• insufficient information – 29.8 percent
  • availability of land – 16.3 percent
  • slow clearance procedures – 16.2 percent

Security situation

In 2017, 14.5 percent of the surveyed firms reported that they were victims of theft, with the average value of lost goods being around 15 million VND (US$667). Several firms have reported much greater losses of around 500 million VND (US$22,000). However, overall 56.1 percent of the firms reported that the security situation in their respective provinces are good. 

Labor quality inadequate

According to the FIEs, the local labor quality is inadequate, with 55 percent of FIEs finding it difficult and 19 percent finding it very difficult to hire skilled technicians. Only 31 percent of FIEs believe that the local labor quality is sufficient.

For the supervisor and managerial positions, 36 percent and 28 percent of the firms find it difficult and very difficult respectively to find appropriate candidates.

Overall optimistic

In 2017, the overall optimism grew, with domestic firms and FIEs planning to increase their investments and hiring in the next few years. Around 52 percent of the domestic firms are planning to increase the size of their operations in the next two years, an increase of four percentage points from 2016. Forty percent of enterprises are planning to operate at their present size, while only 8 percent are scaling down or closing their businesses.

FIEs are more positive than domestic firms, with 60 percent of FIEs planning to increase the size of their operations, compared to 50 percent in 2016. Around 13 percent of the FIEs have increased their investments in 2017, compared to 11 percent in 2016, while 62 percent are planning to hire more employees.

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Foreign-invested enterprises – key highlights

FIEs in Vietnam

Based on the results of the PCI 2017, FIEs in Vietnam tend to be small and export-oriented firms, with Japanese, South Korea, and Taiwanese firms accounting for the majority of the firms.

Type of firms

Based on the respondents, 87 percent of the FIEs in Vietnam were firms with 100 percent foreign capital, compared to 90 percent in 2016. Only seven percent were joint ventures, with private Vietnamese firms or state-owned enterprises (SOEs) as partners. Firms with domestic operations accounted for only six percent of the total FIEs.


Manufacturing leads among all sector with 66 percent of FIEs in 2017. The major sub-sectors under manufacturing include fabricated metal products and rubber and plastic products at 7 percent and 6.7 percent respectively.

Apparel, which was the third largest sub-sector in 2016 with a share of 6 percent, dropped to fourth with a share of 4.2 percent in 2017. The computer, electronic, and optical products sector replaced it in 2017 with a share of 5.8 percent in 2017, growing from 2.8 percent three years ago. The change in ranking highlights the shift towards high-tech and high value-added products among the foreign-invested enterprises.

FIEs customers

Following the trend, export markets continue to be the key market for FIEs. Along with that, other customers include foreign entities in Vietnam and the domestic private sector. The share of FIE’s supply to SOEs and state agencies in 2017 were the lowest at 10.7 percent and 4.3 percent respectively.

More than 60 percent of the FIEs are involved in exports, with 33.7 percent of them sending it back to their home country, while 26.6 percent sell it to a third country.

In the domestic market, around 56 percent of FIEs sell their products to other foreign firms in Vietnam, while 41 percent sell it to Vietnamese firms. Only 18.3 percent sell their products to private domestic citizens.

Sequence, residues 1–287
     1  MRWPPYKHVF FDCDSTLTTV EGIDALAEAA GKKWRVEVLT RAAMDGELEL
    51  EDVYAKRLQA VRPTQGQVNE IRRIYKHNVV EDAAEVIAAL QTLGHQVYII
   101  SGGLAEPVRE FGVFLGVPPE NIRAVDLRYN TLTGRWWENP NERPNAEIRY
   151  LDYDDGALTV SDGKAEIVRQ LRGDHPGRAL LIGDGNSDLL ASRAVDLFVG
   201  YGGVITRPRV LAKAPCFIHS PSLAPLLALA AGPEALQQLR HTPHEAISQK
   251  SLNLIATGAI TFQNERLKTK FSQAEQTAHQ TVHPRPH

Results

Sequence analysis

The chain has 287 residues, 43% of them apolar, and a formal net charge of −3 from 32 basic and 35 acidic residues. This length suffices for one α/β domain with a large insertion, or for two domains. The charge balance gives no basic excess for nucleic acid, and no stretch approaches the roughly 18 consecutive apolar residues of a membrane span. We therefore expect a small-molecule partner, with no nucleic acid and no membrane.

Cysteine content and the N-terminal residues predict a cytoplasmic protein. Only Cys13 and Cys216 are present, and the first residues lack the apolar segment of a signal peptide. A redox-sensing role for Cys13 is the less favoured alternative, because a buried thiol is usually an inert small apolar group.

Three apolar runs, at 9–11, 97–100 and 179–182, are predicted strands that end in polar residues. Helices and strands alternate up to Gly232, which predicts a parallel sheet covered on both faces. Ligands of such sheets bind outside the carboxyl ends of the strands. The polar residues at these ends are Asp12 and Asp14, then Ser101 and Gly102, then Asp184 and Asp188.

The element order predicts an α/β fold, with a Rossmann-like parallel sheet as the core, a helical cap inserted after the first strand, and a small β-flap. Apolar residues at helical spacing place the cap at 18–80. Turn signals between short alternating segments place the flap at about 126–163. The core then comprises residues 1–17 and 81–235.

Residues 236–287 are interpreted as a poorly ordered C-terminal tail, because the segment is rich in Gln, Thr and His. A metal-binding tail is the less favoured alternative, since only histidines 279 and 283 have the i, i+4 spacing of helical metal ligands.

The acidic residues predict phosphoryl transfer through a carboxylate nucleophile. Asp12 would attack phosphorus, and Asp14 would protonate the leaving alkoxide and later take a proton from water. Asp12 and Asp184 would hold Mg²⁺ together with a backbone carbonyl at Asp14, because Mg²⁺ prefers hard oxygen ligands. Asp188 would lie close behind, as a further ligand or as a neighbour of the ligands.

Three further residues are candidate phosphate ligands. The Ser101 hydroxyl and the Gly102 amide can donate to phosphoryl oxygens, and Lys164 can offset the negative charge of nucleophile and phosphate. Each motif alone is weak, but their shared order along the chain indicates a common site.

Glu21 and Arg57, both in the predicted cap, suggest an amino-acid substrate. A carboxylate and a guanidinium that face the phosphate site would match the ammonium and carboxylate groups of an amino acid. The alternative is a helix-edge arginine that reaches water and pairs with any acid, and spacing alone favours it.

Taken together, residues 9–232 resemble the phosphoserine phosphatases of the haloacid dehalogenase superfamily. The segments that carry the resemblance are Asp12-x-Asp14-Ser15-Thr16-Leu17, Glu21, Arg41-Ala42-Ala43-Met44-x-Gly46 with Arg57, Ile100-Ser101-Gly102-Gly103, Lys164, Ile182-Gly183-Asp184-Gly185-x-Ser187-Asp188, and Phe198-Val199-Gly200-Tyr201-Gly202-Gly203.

FIEs suppliers

SOEs continue to have the lowest share as a supplier to FIEs at 10 percent in 2017. FIEs with at least one private Vietnamese supplier has dropped from 68.5 percent in 2016 to 62.8 percent in 2017. However, it is still an improvement over the 30.4 percent share in 2011.

Overseas suppliers still account for a large share, with 49.2 percent of FIEs acquiring supplies from their home country, while 26.6 percent acquiring it from third-party countries.

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 PCI infrastructure index

The PCI infrastructure index focuses solely on the quality of infrastructure and connectivity in the provinces. The sub-indices include:

  • industrial zone quality;
  • roads;
  • public services (telecommunications, energy); and
  • information technology.

In 2017, Binh Duong led among all the provinces in the PCI Infrastructure Index, followed by Da Nang, Ba Ria Vung Tau, Dong Nai, and Bac Ninh. The lowest ranked provinces included Son La, Nghe An, Dak Nong, Ha Tinh, and Dien Bien.

Improving industrial zone quality

Around 46 percent of the surveyed firms expressed satisfaction with the industrial zone quality and overage, compared to 41 percent in 2016.

Improving utility access and quality

According to the PCI, 100 percent of businesses now have access to telephones and electricity at affordable prices. Around 78 percent of business rated the quality of telephone service as good or very good, while 78 percent of firms were satisfied with the power supply, an improvement compared to 2016.

Internet expansion also witnessed a growth in satisfaction from 57 percent in 2016 to 62 percent in 2017.

Road and bridge quality needs improvement

In 2016, 42 percent of respondents expressed satisfaction with roads. This number declined slightly to 41 percent in 2017.

Based on the all the PCI surveys in the past few years, we can see that most of the time, there is a strong correlation between governance and infrastructure.

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Importance of the PCI

The 2017 PCI report has revealed that government actions such as reducing administrative burdens, streamlining regulatory processes, and improving the overall business environment have had a positive effect on the overall business and economic environment in 2017. 

The PCI data is instrumental and will continue to be so for the Vietnamese government, as it helps them to make necessary reforms, based on the problems faced by domestic and foreign firms, especially by the SMEs that account for the majority of the economy.